Retirement Specialist: Job Description, Duties and Requirements

Sep 09, 2019

Retirement specialists require a bachelor's degree in a related field. Employers often prefer those who have passed the Series 7 financial exam. Certification is available, though usually voluntary.

Essential Information

Retirement specialists assist employees in choosing and managing pension and benefits plans. These professionals often have a background in human resources or business, and they may choose to earn employee benefits certifications that may help with career advancement.

Required Education Bachelor's degree in human resources, business or similar field
Other Requirements Some employers prefer candidates that have passed the Series 7 exam from Financial Industry Regulatory Authority; additional certifications may enhance career prospects
Projected Job Growth (2018-2028)* 5% for all human resources specialists
Mean Salary (2018)* $66,790 for all human resources specialists

Source: *U.S. Bureau of Labor Statistics

Job Description for Retirement Specialists

Retirement specialists help design and implement benefit, savings and pension programs for clients, usually employees belonging to the specialist's company. They may confer with employees in person or over the phone as they design retirement plans. They typically work closely with a human resources department in an office setting.

Retirement Specialist Duties

Retirement specialists must be able to explain the complicated nature of investment, compensation and retirement packages to employees in a clear, concise fashion. They also file and process retirement plans in accordance with federal and company regulations. These professionals frequently manage electronic databases and work with complex spreadsheets. Employee benefits plans have many options, so retirement specialists must work with employees to design a plan that works best for their future plans.

Career Outlook and Salary Info

While the U.S. Bureau of Labor Statistics doesn't provide information specifically for retirement specialists, the similar category of human resource specialists was projected to see an average increase of 5% in employment opportunities from 2018-2028. The mean annual wage for these workers was $66,790 in May 2018.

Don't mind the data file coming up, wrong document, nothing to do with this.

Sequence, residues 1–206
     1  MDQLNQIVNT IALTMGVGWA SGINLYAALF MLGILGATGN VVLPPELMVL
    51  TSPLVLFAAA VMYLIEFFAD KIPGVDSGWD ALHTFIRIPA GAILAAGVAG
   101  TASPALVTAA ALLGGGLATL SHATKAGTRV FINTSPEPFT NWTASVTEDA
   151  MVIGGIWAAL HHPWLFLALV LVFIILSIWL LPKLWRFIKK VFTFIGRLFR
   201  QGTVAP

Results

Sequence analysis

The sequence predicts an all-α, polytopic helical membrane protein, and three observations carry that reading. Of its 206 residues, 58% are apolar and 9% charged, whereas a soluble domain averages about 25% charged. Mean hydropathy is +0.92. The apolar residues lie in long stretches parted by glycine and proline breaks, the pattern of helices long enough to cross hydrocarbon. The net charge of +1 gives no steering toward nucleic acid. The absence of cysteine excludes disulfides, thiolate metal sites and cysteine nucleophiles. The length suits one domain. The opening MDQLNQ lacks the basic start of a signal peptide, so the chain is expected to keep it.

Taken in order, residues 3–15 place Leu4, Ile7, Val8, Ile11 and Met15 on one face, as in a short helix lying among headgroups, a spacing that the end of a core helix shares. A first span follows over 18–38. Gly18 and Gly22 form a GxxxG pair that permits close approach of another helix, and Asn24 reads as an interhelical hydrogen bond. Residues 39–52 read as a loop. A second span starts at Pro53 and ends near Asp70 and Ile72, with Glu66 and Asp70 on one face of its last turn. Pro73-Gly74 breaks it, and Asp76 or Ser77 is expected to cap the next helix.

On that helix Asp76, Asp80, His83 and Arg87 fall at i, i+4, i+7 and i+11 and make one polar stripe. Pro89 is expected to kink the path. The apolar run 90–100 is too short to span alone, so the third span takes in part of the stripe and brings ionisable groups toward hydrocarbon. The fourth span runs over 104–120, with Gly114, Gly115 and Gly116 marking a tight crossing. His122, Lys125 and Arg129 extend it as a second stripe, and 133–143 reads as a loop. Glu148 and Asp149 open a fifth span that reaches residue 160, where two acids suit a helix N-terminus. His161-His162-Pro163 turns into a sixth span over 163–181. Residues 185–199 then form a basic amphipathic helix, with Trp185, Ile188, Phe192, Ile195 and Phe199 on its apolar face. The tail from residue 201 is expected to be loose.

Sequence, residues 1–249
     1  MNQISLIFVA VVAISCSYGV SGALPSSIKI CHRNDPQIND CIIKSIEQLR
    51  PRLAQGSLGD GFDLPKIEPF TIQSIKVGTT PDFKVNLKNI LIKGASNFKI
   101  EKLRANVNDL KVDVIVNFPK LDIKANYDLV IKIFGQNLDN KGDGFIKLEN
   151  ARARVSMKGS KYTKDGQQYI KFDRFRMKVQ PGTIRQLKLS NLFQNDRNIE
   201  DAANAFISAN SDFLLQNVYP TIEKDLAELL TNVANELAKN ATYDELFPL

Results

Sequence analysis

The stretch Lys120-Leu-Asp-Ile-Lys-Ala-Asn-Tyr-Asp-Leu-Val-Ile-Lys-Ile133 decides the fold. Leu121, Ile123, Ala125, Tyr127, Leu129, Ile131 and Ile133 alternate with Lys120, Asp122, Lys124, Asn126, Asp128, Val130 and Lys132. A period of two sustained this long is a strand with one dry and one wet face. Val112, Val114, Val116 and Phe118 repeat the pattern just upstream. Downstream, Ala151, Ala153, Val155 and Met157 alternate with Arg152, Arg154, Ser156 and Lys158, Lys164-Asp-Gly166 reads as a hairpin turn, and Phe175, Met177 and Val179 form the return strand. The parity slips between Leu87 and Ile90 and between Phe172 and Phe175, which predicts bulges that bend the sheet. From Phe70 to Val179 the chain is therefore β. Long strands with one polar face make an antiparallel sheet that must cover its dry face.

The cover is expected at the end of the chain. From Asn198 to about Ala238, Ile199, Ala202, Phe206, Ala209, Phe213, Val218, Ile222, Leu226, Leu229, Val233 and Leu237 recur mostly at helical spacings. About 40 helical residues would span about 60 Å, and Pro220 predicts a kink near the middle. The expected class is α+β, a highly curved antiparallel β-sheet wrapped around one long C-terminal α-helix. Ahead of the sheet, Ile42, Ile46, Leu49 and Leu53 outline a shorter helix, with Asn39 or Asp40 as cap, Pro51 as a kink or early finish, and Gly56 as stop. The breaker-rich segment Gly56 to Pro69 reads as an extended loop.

Requirements for Retirement Specialists

Prospective retirement specialists typically complete a bachelor's degree program in business, economics, finance or human resources. These programs generally take four years to complete and, in addition to coursework in these respective areas, students may also choose to take courses in mathematics and data management. Some employers may also prefer individuals who have passed the Series 7 examination from the Financial Industry Regulatory Authority and are registered as a general securities representative.

Certification Options

Retirement specialists may also choose to earn one of many voluntary certifications available for this field. For example, the American Society of Pension Professionals and Actuaries offers the Qualified Plan Financial Consultant (QPFC) and the Certified Pension Consultant (CPC) credentials ( Applicants for the QPFC credential need to have three years' retirement plan work experience and pass a series of specialty examinations. The CPC credentialing process also requires three years of relevant work experience, as well as successful completion of eight exams. Both credentials have continuing education and annual renewal requirements.

Retirement specialists may also pursue the Certified Employee Benefits Specialist (CEBS) credential, which is offered by several organizations, including the International Foundation of Employee Benefits Plans. Candidates can pursue specialty designations, such Retirement Plans Associate, that count towards earning CEBS status. Course topics in the CEBS program include retirement plans, asset management, human resources and compensation principles. There is no time limit for completing the CEBS program, and each course requires passing an exam (

Retirement specialists design and implement employer retirement plans, working with corporate human relations as well as individual employees. Many earn professional certifications to show they are expert in the field of retirement benefits. These professionals have a mean annual salary around $66,000, and the job outlook for these professionals is about average.

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